Increasing access to research data
Increasing access to research data helps researchers to validate and build upon important discoveries and observations. At Elsevier, we are keen to support researchers to store, share, discover, and use data. We have already been helping authors to post their data in relevant public data repositories and link back to their published article. With our latest Open Data pilot we are adding another option by providing authors with the opportunity to make their supplementary files with raw research data available open access on ScienceDirect.
What are the benefits?
- Promotes data sharing: Authors can easily share their raw research data with the public, giving their readers the opportunity to validate, compare and build upon their findings.
- Greater choice: Another open access option for authors if there isn't a suitable data repository for their research data.
- Easy compliance: Helps authors to comply with their funding body requirements regarding data deposits.
- Ensures author credit: Reuse of downloaded data sets is determined by a Creative Commons CC BY user license, giving readers clear guidelines about how to properly re-use and give credit.
What is the Open Data pilot?
Elsevier supports the principle that "Raw research data should be made freely available to all researchers" (as expressed in the STM Brussels Declaration) and authors are free to publically post their raw research data (see Author Rights).
With this Open Data pilot, we are taking the next step by providing authors with the option to upload their raw research data as a supplementary file to be published open access alongside their article on ScienceDirect. There is no charge for authors or readers, and reuse is determined by the Creative Commons CC BY user license.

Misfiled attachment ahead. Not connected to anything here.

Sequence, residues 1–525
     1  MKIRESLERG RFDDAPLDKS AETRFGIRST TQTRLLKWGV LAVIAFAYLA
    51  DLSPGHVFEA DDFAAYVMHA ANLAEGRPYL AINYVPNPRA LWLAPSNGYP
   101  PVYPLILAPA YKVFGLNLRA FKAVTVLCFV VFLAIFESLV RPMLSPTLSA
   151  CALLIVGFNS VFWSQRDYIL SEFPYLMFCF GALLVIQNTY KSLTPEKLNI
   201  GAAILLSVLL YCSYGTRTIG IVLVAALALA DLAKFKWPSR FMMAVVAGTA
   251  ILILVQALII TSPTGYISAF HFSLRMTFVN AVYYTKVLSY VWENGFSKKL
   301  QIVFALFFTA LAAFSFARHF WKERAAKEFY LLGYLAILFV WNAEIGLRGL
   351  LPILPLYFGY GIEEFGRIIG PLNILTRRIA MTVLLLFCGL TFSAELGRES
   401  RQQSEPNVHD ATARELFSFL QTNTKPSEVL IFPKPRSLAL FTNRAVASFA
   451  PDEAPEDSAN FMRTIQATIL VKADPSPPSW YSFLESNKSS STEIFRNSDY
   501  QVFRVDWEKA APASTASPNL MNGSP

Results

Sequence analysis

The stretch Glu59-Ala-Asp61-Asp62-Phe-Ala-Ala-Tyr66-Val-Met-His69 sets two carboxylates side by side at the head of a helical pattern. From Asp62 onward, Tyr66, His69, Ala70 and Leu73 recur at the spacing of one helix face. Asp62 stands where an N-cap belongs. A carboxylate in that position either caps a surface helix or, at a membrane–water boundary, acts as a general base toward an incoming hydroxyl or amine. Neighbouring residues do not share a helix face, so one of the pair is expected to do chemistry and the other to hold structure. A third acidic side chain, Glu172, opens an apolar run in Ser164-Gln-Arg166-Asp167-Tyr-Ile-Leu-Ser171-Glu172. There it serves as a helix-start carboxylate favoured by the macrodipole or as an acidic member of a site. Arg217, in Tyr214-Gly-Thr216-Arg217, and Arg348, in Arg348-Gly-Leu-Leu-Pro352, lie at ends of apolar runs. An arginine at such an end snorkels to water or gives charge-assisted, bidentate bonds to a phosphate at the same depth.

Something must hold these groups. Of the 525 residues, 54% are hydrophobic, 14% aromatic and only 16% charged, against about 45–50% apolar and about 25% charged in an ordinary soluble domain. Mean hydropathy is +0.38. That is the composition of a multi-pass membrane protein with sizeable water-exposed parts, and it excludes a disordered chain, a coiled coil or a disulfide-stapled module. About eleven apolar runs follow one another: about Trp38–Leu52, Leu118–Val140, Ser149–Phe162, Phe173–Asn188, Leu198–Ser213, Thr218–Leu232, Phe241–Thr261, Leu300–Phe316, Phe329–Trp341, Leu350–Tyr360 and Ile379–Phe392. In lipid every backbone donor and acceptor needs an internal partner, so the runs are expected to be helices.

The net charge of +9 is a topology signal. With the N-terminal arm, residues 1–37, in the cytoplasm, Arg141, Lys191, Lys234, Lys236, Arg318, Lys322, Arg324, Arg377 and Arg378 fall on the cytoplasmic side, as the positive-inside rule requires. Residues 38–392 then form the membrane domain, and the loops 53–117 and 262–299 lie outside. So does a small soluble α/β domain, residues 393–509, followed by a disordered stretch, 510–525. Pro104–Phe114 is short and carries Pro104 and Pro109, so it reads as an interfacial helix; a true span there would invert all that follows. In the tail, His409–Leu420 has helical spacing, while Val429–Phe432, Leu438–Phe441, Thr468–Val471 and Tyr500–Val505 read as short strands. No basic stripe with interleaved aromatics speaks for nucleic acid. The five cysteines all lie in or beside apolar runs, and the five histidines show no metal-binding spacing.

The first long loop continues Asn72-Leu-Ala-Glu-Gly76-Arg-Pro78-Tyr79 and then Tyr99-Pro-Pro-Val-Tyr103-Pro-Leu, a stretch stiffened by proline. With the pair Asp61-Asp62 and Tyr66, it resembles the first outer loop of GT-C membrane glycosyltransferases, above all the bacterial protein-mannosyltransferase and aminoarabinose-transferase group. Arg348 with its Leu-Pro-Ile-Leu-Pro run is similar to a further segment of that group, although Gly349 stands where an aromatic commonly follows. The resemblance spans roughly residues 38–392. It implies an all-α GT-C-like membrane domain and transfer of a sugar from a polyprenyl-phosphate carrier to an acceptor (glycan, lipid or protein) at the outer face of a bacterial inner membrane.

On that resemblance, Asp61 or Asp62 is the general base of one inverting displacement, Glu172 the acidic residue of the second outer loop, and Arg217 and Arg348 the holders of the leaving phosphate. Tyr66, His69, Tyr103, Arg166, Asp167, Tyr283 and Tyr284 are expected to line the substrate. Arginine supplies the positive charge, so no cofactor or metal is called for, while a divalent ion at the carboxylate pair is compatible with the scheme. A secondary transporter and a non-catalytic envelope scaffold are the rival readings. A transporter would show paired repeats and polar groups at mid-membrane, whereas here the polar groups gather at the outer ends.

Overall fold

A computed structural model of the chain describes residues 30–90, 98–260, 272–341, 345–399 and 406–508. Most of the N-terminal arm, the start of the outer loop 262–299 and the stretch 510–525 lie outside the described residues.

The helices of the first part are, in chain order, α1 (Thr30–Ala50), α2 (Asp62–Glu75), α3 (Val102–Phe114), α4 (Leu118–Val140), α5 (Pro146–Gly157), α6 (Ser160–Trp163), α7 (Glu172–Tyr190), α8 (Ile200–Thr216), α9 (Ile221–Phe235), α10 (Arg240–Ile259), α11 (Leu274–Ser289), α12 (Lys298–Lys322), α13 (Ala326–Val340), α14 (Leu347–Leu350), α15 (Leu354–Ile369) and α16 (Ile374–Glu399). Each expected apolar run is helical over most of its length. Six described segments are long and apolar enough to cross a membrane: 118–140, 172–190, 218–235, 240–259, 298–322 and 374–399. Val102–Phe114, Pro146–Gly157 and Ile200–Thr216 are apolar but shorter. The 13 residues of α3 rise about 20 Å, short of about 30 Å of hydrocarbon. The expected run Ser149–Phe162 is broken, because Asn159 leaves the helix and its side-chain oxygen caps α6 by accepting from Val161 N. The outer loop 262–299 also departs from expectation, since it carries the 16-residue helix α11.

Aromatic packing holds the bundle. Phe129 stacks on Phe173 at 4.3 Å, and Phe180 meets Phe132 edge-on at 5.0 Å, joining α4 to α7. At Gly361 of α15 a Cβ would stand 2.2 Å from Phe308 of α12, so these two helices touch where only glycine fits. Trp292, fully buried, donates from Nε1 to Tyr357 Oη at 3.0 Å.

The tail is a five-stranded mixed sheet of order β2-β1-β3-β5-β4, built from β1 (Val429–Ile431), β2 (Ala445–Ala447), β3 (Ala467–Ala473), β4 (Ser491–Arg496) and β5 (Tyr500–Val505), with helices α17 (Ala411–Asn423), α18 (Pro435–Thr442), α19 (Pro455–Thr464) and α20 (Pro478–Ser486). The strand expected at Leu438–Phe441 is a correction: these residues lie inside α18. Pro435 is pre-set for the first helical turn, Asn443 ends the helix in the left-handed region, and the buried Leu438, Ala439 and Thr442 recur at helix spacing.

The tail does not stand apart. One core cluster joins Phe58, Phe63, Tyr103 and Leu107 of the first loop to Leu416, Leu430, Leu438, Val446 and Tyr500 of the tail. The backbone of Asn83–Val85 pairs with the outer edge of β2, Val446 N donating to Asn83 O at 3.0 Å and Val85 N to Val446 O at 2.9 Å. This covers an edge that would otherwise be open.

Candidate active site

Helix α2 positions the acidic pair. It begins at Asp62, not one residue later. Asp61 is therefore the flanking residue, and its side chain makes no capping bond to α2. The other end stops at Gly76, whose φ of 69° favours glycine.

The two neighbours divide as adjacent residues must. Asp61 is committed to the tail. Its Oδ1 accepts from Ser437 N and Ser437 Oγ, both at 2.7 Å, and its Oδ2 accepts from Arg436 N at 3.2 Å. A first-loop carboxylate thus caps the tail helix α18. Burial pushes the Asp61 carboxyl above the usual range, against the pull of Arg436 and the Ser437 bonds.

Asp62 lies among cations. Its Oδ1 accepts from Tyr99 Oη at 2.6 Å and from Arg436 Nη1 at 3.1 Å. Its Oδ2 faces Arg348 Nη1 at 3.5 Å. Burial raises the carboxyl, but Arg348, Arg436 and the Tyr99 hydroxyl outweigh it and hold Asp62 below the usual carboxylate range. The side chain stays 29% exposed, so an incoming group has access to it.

Elsevier's Open Data pilot will initially be live in more than 20 journals across different disciplines. We will be evaluating the feedback from the pilot to determine how to further expand this initiative. See below for a list of participating journals.
How does it work?
When publishing in one of the participating journals, authors simply follow three easy steps:
- When submitting to one of the participating journals, authors upload their raw research data as supplementary material and classify the file as "raw research data".
- Editors and reviewers validate that the submitted material is indeed considered to be raw research data in this field.
- After acceptance, the data file is made available to both subscribers and non-subscribers to view and download from ScienceDirect under a CC BY user license.
What type of data classifies as Open Data?
While the precise notion of what constitutes "raw" research data will differ from field to field, largely speaking any data that are the direct result of observations or experimentation without processing, analysis or other intellectual input would classify. This includes, for example, the output of a measurement device, data from social surveys, digital scans, etc.
Excluded from this pilot are, for example, the output of model calculations, computer code, descriptive texts, or data in figures.
If you are in doubt as to whether data should classify as "raw data", please contact us at firstname.lastname@example.org.